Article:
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    They didn't have to give her a reason to sack her, just whatever notice was on the contract that she signed when she started working there. Bit odd that they would give a reason like height though, surely she hasn't got shorter since she started working there!?
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    Solution: Other workers give her a piggy-back to reach the bread. :yes:
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    Wow, employers are dumb. Why would you give a reason like this for letting an employee go.

    Off the top of my head, if she needed to be a certain height to fulfil the job, and no reasonable adjustment could be made (e.g giving her a stool or moving her to another job role) then I can't see a problem. As far as I know height alone doesn't count as a physical impairment under the DDA '95.

    I'm sure jacketpotato will come along and correct me soon, through
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    (Original post by simon12345)
    Surely they should have thought about that before they employed her? She hasn't suddenly shrunk since she was interviewed and given the job. And surely they should provide her with equipment that will allow her to fulfil her job properly e.g. foot stall?
    you say she's been there less than a month
    maybe they were hoping something would work out where she doesn't need to slow things down and get people to get bread for her!
    but then they realised there is no way out...

    in any case, you can complain
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    lol heightist
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    (Original post by Smtn)
    Wow, employers are dumb. Why would you give a reason like this for letting an employee go.

    Off the top of my head, if she needed to be a certain height to fulfil the job, and no reasonable adjustment could be made (e.g giving her a stool or moving her to another job role) then I can't see a problem. As far as I know height alone doesn't count as a physical impairment under the DDA '95.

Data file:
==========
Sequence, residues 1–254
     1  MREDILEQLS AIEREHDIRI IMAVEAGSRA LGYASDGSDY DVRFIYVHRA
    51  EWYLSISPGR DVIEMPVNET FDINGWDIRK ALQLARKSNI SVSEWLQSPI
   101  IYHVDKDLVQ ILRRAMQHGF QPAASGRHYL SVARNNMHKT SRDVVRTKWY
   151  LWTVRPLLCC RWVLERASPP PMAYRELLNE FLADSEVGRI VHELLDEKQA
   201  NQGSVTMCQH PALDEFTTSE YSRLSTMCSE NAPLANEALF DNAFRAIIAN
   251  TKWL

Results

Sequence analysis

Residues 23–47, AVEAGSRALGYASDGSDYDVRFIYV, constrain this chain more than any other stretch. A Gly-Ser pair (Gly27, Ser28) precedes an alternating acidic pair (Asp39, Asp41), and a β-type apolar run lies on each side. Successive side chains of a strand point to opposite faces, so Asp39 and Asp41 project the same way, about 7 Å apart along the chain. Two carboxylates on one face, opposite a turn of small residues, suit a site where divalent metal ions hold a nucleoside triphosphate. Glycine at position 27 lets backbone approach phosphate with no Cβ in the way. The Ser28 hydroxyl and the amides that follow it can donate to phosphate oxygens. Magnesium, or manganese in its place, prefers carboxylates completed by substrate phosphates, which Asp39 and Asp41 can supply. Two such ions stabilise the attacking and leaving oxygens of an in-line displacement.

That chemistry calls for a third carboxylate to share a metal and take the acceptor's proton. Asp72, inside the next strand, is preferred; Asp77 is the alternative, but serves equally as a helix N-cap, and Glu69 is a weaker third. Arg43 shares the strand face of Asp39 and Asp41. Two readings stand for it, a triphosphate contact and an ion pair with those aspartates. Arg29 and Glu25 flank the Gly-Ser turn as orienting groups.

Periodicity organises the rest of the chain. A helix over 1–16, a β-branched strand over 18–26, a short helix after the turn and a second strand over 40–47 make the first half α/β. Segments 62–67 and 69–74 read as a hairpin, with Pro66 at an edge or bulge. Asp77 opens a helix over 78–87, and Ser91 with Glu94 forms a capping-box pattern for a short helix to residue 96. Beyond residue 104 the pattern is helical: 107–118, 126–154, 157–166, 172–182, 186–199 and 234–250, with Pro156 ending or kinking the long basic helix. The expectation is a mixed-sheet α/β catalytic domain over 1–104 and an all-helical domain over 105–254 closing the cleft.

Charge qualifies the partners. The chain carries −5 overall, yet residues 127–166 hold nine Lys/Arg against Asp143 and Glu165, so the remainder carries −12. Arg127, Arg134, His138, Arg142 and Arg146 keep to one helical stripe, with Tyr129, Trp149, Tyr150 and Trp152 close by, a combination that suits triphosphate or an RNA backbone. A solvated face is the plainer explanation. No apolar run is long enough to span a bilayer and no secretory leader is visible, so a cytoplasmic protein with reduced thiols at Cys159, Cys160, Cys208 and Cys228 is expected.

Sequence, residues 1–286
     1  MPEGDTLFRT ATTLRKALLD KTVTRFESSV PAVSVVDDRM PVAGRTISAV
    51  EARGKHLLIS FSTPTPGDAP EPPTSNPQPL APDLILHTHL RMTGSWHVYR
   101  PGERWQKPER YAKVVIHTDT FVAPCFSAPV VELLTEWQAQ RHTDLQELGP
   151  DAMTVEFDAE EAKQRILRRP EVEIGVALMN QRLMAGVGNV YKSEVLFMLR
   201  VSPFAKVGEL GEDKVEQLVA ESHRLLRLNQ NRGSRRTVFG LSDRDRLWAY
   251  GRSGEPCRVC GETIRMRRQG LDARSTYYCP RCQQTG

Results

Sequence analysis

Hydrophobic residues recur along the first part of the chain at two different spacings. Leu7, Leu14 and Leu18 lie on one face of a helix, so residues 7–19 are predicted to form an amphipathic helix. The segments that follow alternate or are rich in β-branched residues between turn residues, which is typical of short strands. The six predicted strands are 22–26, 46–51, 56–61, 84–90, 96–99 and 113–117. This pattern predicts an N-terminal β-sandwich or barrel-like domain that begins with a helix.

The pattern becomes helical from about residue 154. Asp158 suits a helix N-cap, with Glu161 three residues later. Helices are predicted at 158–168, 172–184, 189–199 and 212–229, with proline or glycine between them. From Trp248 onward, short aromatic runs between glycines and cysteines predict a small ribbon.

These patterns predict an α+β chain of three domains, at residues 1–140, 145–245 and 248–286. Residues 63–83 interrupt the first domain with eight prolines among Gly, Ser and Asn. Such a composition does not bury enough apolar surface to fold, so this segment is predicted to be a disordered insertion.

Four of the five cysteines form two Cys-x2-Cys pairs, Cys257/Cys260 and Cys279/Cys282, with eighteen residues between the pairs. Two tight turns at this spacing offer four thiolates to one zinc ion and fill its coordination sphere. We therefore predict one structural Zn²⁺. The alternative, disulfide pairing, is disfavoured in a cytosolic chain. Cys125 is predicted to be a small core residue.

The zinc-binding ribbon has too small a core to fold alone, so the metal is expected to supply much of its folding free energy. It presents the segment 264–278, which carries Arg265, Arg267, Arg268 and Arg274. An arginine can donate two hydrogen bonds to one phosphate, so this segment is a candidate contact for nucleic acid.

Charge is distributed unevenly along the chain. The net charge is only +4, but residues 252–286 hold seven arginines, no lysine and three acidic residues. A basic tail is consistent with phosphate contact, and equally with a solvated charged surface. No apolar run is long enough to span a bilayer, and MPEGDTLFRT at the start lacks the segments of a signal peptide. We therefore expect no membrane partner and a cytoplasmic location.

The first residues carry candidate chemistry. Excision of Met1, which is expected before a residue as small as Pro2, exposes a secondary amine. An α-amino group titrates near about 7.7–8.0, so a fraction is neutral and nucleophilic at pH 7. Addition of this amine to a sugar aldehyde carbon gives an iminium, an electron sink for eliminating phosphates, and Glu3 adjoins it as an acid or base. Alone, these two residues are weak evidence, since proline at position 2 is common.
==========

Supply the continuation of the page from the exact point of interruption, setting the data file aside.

I'm sure jacketpotato will come along and correct me soon, through
    Indeed the DDA won't help. Something could tenuously be fudged wrt indirect Sex discrimination but would largely fail. Wrongful dismissal is a possibility.
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    (Original post by Prudy)
    Indeed the DDA won't help. Something could tenuously be fudged wrt indirect Sex discrimination but would largely fail. Wrongful dismissal is a possibility.
    It's arguably indirect sex discrimination yes, but meh
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    Unfortunately I don't think there is an awful lot you can do. You can't claim unfair dismissal unless you have been employed for a year.

    However, she may have a claim for wrongful dismissal. Essentially, this means she was immediately dismissed without being given notice. If she has worked for them for at least one month, she is entitled to one week's notice. If this notice was not given, she is entitled to her average weekly pay for that period.

    If this is the case, she should contact the employer in writing and ask for her "Payment in lieu of notice". If this isn't given, its a relatively simple to bring it before an employment tribunal - they are very informal, you don't need a lawyer. Whether she can be bothered with this for the sake of one week's pay is another matter.

    An interesting point above is raised re: sex discrimination. However, whilst wrongful dismissal and unfair dismissal are relatively straightforward, discrimination cases are very complicated. You could threaten the employer with a discrimination action if they don't pay you your notice pay, but it wouldn't be worth litigating (even in person without a lawyer at the employment tribunal).
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    (Original post by Smtn)
    Wow, employers are dumb. Why would you give a reason like this for letting an employee go.

    Off the top of my head, if she needed to be a certain height to fulfil the job, and no reasonable adjustment could be made (e.g giving her a stool or moving her to another job role) then I can't see a problem. As far as I know height alone doesn't count as a physical impairment under the DDA '95.

    I'm sure jacketpotato will come along and correct me soon, through
    No, this is right :P I doubt whether height would count under the DDA
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    Unfair dismissal is not open to her since she does not begin to pick up employment rights until she has been employed for a minimum period of 12 months. See section 108(1) Employment Rights Act 1996 and Unfair Dismissal and Statement of Reasons for Dismissal (Variation of Qualifying Period) Order 1999 (SI 1999/1436). This country maintains a 'flexible' (exploitable and easily sackable) workforce!
 
 
 
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